Latin America & the Caribbean

Tax Evasion Lessons From Panama

Unlike Wikileaks and other exposes, the Panama revelations were carefully managed, if not edited, quite selective, and hence targeted, at least initially. Most observers attribute this to the political agendas of its main sponsors. Nevertheless, the revelations have highlighted some problems associated with illicit financial flows, as well as tax evasion and avoidance, including the role of enabling governments, legislation, legal and accounting firms as well as shell companies.

Expansion of Renewable Energies in Mexico Has Victims, Too

The growing number of wind and solar power projects in the southern Mexican state of Yucatán are part of a positive change in Mexico’s energy mix. But affected communities do not see it in the same way, due to the fact that they are not informed or consulted, and because of how the phenomenon changes their lives.

Corruption Brings Down an Empire: Odebrecht in Brazil

People in Brazil have been overwhelmed by the flood of news stories about the huge web of corruption woven by the country’s biggest construction company, Odebrecht, which is active in dozens of fields and countries.

Togolese to Lead the Fight against Rural Poverty

Gilbert Fossoun Houngbo, former Prime Minister of Togo, has been appointed as the sixth President of the International Fund for Agricultural Development (IFAD), a specialised UN agency and international financial institution that invests in eradicating rural poverty in developing countries around the world.

Latin America Is a Leading Influence in the Global Fight Against Hunger

A model for fighting against hunger and malnutrition with a global reach which has been successful within and outside the region has spread worldwide, first from Brazil and then from Latin America, notes a distinction given to the current Director-General of FAO (United Nations Food and Agriculture Organisation), José Graziano da Silva.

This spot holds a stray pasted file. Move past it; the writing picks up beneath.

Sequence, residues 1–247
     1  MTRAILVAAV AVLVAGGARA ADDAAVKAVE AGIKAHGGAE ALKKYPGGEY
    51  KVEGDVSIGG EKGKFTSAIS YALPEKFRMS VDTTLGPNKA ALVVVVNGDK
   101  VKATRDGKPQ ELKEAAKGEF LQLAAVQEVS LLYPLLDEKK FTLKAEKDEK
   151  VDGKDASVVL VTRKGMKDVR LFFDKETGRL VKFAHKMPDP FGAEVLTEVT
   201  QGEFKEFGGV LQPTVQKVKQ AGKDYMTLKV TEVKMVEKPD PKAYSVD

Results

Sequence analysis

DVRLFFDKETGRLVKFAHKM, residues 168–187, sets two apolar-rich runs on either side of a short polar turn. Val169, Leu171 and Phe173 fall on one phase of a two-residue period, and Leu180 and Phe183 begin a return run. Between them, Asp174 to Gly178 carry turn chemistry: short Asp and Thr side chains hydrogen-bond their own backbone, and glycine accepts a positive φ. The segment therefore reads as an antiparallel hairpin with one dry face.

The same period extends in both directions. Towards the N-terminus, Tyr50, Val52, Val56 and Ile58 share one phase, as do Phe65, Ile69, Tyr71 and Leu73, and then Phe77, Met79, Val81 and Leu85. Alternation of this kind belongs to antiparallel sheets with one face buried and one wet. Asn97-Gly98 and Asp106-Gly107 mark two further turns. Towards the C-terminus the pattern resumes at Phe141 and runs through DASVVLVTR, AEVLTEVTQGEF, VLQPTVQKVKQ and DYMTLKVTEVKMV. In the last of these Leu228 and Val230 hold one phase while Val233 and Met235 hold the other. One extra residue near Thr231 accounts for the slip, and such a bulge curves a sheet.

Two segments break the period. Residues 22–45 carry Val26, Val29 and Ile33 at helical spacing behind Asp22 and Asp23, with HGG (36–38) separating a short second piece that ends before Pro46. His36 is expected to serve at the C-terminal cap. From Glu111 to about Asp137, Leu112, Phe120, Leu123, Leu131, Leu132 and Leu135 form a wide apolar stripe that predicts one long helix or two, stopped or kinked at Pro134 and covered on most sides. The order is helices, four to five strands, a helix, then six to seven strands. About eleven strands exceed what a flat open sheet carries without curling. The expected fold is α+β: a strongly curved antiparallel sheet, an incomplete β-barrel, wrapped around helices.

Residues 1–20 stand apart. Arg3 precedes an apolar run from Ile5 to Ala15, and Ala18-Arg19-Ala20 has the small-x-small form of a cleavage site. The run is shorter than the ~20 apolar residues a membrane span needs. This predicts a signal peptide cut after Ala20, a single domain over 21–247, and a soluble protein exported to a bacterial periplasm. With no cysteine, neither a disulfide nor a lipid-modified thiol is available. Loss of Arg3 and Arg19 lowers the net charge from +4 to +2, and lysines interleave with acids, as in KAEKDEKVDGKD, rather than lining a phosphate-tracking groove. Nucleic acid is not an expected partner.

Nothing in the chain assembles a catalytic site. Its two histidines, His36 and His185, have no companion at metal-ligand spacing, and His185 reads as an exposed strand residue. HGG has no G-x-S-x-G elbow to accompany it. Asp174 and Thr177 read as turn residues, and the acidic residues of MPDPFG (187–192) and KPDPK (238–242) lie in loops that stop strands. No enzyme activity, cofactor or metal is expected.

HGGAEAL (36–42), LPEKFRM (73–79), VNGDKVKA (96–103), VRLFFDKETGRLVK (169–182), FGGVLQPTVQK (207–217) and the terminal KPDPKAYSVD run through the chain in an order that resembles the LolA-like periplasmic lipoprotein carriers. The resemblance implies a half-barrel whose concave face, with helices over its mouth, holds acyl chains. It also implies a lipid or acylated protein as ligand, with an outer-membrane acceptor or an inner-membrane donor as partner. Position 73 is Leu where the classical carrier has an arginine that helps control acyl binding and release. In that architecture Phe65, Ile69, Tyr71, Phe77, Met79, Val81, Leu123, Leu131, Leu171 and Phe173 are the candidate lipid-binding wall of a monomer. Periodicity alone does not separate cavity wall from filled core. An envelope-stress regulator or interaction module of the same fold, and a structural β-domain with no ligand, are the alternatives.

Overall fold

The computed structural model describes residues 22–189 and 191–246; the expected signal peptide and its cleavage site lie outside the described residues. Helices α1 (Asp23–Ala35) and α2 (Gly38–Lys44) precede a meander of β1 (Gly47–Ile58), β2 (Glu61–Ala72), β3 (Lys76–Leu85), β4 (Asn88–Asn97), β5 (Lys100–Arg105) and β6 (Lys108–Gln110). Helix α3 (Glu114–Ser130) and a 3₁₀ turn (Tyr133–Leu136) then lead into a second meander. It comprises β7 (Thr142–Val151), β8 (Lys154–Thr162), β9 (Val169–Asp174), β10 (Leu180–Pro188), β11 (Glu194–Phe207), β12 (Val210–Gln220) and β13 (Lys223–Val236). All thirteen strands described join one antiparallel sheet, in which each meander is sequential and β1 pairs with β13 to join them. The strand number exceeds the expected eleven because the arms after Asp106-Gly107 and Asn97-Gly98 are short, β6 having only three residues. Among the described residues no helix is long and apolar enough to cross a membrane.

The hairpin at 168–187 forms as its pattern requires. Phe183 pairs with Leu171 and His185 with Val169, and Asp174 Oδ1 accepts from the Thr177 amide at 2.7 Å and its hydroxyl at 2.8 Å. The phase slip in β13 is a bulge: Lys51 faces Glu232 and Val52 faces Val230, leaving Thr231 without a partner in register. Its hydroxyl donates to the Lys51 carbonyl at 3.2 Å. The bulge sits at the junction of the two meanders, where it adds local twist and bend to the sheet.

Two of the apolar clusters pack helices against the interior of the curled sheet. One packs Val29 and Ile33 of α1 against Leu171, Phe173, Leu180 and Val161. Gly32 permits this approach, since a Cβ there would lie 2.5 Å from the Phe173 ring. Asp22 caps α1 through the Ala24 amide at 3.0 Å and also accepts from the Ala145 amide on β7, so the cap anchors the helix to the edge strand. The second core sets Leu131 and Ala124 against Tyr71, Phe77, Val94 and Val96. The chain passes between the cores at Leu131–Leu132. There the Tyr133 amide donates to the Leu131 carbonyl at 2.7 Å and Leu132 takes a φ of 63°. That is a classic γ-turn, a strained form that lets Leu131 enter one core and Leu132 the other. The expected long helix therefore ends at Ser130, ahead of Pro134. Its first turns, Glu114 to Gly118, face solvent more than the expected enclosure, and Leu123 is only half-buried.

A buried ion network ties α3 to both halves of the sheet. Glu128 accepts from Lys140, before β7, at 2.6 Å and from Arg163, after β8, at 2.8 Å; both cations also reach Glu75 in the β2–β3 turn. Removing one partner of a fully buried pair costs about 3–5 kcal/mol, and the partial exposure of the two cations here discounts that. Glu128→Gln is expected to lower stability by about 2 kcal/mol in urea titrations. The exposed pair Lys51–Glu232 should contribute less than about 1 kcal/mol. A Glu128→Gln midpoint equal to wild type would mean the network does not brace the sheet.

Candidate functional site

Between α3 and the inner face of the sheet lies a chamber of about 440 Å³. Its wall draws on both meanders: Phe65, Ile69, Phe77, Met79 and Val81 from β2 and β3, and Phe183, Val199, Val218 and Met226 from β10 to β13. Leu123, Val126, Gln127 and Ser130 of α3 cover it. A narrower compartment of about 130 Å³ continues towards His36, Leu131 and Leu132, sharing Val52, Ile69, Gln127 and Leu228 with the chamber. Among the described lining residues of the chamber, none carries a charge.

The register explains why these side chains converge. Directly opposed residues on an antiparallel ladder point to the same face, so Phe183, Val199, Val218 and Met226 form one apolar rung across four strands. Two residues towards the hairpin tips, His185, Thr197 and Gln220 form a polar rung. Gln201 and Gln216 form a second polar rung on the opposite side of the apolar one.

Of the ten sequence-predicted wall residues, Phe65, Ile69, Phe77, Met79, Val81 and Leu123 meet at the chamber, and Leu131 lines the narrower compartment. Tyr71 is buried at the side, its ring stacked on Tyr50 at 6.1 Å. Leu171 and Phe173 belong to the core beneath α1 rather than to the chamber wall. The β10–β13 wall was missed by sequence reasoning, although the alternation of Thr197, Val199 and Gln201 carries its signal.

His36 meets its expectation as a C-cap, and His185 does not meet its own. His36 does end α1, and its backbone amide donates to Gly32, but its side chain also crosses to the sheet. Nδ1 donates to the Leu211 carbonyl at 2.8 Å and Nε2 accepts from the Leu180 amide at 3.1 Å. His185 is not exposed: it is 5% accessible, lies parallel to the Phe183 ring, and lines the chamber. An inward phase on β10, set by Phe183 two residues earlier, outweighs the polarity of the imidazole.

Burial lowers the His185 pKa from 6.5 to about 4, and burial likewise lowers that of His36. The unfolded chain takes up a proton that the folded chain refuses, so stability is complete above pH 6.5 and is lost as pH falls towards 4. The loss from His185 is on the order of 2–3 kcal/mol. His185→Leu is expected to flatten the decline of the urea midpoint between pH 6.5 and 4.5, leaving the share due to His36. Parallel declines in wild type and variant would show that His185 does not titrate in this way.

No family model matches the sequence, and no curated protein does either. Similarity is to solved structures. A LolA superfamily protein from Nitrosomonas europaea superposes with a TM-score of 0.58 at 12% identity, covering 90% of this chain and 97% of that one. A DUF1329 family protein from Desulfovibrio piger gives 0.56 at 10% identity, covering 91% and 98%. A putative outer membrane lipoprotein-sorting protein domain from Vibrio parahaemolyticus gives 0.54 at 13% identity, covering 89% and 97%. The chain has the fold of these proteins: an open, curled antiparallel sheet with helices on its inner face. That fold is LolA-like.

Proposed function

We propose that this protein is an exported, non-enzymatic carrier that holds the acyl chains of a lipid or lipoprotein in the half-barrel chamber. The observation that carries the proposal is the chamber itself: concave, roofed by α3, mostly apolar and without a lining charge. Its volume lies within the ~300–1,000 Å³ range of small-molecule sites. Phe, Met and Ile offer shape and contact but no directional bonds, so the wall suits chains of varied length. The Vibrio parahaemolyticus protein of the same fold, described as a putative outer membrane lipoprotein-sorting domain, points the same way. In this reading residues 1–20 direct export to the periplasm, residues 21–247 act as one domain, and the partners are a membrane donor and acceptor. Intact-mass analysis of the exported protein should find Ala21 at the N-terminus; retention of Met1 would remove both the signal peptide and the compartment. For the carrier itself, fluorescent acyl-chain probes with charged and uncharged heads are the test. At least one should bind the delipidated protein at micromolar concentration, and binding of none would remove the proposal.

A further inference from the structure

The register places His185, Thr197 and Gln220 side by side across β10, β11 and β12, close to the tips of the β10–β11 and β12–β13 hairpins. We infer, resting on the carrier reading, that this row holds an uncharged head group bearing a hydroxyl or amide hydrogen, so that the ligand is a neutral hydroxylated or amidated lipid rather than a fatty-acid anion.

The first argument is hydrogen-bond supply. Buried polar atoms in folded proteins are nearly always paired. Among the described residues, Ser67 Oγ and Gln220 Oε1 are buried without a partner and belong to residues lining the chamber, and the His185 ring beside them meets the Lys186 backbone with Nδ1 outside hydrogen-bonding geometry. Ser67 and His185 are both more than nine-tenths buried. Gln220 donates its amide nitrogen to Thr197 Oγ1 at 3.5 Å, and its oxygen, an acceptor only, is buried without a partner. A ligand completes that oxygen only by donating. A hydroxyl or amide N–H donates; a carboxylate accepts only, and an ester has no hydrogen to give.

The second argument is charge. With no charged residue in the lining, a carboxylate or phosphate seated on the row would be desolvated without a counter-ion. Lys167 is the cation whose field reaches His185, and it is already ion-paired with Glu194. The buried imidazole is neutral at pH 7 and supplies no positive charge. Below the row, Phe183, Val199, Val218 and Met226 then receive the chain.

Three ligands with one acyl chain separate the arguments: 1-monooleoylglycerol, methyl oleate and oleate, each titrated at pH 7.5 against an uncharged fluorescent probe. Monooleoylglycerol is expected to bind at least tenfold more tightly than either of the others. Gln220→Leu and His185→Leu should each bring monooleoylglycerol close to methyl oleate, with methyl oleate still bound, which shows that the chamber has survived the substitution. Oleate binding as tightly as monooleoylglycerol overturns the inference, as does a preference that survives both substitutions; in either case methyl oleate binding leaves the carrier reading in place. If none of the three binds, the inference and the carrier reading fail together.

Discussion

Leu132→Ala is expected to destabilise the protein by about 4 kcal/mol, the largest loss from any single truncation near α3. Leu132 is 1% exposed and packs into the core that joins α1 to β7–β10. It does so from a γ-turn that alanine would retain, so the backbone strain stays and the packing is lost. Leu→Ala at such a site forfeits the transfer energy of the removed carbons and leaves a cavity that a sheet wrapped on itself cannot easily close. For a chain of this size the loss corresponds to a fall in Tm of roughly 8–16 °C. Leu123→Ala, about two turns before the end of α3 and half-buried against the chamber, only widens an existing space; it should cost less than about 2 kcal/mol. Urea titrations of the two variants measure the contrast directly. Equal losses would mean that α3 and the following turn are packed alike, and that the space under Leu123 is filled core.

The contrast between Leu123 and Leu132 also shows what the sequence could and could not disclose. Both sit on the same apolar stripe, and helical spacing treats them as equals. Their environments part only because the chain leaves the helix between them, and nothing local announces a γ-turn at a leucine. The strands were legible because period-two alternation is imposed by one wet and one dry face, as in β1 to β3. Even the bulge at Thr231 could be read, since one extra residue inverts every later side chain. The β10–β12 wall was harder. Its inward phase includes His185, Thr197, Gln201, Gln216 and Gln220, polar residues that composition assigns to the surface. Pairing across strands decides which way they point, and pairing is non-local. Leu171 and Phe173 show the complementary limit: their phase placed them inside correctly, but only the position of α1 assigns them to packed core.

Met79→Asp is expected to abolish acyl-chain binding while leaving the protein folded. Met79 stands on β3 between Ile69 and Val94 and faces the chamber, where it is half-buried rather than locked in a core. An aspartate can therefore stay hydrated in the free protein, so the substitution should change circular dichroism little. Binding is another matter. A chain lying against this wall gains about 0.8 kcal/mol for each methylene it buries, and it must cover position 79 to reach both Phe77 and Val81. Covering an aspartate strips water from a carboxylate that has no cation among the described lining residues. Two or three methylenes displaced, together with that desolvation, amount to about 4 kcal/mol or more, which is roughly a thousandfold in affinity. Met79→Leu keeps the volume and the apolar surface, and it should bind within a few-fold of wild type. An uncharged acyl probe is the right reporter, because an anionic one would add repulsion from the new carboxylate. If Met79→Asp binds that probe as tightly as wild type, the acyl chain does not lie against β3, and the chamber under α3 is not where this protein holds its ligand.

Argentina’s Never-ending Environmental Disaster

Is it possible to spend 5.2 billion dollars to clean up a river which is just 64-km-long and get practically no results? Argentina is showing that it is.

Indigenous Peoples Lands Guard 80 Per Cent of World’s Biodiversity

They are more than 370 million self-identified peoples in some 70 countries around the world. In Latin America alone there are over 400 groups, each with a distinct language and culture, though the biggest concentration is in Asia and the Pacific– with an estimated 70 per cent. And their traditional lands guard over 80 per cent of the planet’s biodiversity.

Innovative Credit Model Holds Out Lifeline to Farmers in Honduras

In this village in southern Honduras, in one of the poorest parts of the country, access to credit is limited, the banking sector is not supportive of agriculture, and nature punishes with recurrent extreme droughts.

US, EU Food Standards Major Hurdle for Caribbean Exporters

As Caricom countries struggle to move away from their traditional reliance on a single industry or major crop in the face of growing economic uncertainty worldwide, they are finding it increasingly difficult to enter markets in the EU and North America with new types of food products.

IFAD 2017 – It’s Women’s Turn in Rural Development

Josefina Stubbs, from the Dominican Republic, may become the first woman to preside over the International Fund for Agricultural Development (IFAD), which is dedicated to eradicating rural poverty.

Families of the “Disappeared” Search for Clandestine Graves in Mexico

Juan de Dios is eight years old and is looking for his younger sister, Zoe Zuleica Torres Gómez, who went missing in December 2015, when she was only five years old, in the northeastern state of San Luis Potosí. He is the youngest searcher for clandestine graves in Mexico.

Seeds Are Key to Improving Bean Production in Cuba

“You have to have good and varied seeds to test which one adapts best to each kind of soil,” says 71-year-old farmer Rubén Torres, who on his farm in central Cuba harvests 1.6 tons of organic beans every year, among other crops.

Riverbank Populations Displaced by Dams in Brazil Miss Old Way of Life

“Now we have internet and TV. Before, we didn't even have electricity, but it was better,” said Lourival de Barros, one of the people displaced by the hydropower plants which have mushroomed aorund Brazil, mainly since the 1970s.

Ecuador Revives Campaign for UN Tax Body

The Republic of Ecuador, currently chair of the largest single coalition of developing countries at the United Nations, is reviving a longstanding campaign for the creation of an inter-governmental UN tax body and the elimination of tax havens and illicit financial flows.

Measures Are Proposed to Address Violence in Mapuche Land in Chile

The lands where the Mapuche indigenous people live in southern Chile are caught up in a spiral of violence, which a presidential commission is setting out to stop with 50 proposals, such as the constitutional recognition of indigenous people and their representation in parliament, in a first shift in the government´s treatment of native peoples.

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